Rule 3. Interact with data where it's stored
Move work to data, not data access to the work. When designing an application, it shouldn't access data that's hosted elsewhere. This is because parsing the data results in traffic that's subject to ingress and egress charges. Enterprises that need to access a database to process a transaction should host that part of the application where the data is stored. This is usually the data center.
A corollary of this rule is if enterprises can't move work to the data, they should store data where it has to be used. Few enterprises are willing to host all their mission-critical data in the cloud. So, if data access is essential, the best strategy is to pass the work into the data center where it's stored.
When response time and QoE demand that data access integrates with cloud processing, it's often possible to move a summarization of a mission-critical database into the cloud. In this case, it's important to move the database to all clouds in the multi-cloud environment where users perform the work associated with that data. Otherwise, costs for data movement rise.
Other integration cost issues
While ingress and egress traffic charges are the biggest issue in optimizing multi-cloud integration costs, other challenges are common.
Differences in cloud service and feature costs across a multi-cloud environment can generate unexpected integration costs. Cloud providers don't charge for usage, traffic or features in the same way. Overall costs change depending on where application components run, so be aware of differences among providers. Enterprises might find it beneficial to select a different set of cloud providers if the cost differences are significant.
The connection to the company VPN can raise challenges. It's possible to extend the company VPN to the cloud using direct leased connections or via the internet through technology such as software-defined WAN. These connections can create a path between clouds if multiple clouds are connected to the VPN. Network topology updates can discover and potentially use this path. The path's availability can also disguise situations where components in different clouds exchange messages, which creates ingress and egress costs. It's prudent to manage VPN connectivity carefully and permit only explicitly authorized traffic to pass from VPN to clouds.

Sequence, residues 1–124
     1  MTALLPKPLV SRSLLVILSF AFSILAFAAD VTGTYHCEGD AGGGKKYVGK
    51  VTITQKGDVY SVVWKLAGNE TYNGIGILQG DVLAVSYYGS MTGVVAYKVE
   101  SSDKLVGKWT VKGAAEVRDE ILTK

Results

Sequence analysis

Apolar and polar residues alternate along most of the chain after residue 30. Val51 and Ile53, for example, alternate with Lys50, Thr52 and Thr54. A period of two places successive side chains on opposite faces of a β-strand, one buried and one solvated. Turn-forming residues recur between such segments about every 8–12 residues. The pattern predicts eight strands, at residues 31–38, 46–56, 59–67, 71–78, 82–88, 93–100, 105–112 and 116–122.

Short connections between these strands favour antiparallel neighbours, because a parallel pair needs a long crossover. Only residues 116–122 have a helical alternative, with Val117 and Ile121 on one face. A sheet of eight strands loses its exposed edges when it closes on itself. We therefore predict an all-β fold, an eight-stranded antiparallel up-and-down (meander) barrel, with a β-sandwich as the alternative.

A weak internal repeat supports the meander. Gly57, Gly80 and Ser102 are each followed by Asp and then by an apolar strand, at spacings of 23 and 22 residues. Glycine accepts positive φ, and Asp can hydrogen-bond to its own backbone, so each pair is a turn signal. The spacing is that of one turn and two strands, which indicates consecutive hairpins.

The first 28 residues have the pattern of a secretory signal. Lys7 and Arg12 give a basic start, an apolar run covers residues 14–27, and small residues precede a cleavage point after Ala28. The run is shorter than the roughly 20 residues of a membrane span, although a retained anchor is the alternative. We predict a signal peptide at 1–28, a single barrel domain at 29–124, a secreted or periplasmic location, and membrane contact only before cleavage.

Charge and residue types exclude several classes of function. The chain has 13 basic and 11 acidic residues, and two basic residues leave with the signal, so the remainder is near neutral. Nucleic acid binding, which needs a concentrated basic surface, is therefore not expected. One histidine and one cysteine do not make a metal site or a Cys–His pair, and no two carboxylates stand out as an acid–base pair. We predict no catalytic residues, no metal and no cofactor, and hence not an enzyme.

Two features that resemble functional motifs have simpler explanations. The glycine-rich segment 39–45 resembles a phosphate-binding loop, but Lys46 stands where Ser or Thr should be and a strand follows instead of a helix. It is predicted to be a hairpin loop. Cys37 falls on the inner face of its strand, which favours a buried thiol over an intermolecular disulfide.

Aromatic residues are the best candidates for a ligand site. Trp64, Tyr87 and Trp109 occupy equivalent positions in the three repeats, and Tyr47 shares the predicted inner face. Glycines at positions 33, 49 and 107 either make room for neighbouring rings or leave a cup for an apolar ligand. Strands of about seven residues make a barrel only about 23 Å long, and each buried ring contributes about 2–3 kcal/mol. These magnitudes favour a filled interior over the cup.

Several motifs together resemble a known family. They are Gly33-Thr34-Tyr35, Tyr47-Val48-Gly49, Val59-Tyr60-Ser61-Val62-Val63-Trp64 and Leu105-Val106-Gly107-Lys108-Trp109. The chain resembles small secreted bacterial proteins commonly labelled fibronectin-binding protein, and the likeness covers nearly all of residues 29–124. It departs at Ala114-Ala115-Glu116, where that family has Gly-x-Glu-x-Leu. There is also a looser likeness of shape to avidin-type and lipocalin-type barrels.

Consider application design and tradeoffs
Nearly all multi-cloud integration problems can be solved only through careful application design and component deployment decisions. Integration consoles or tools can help uncover the problems that application modifications or deployment management must solve.
Remember that some multi-cloud justifications, including failover and cloud bursting across clouds, inherently include tradeoffs among additional costs, performance risks and availability problems. A decision to provide a second cloud in hot standby mode, for example, would likely double cloud costs.
Enterprises must decide if they can justify that cost given the chance they need those resources. That's a business decision, and an incorrect decision could be riskier in terms of multi-cloud costs than any other factors cited here. Like application design and deployment policies, it's important to analyze risk and reward.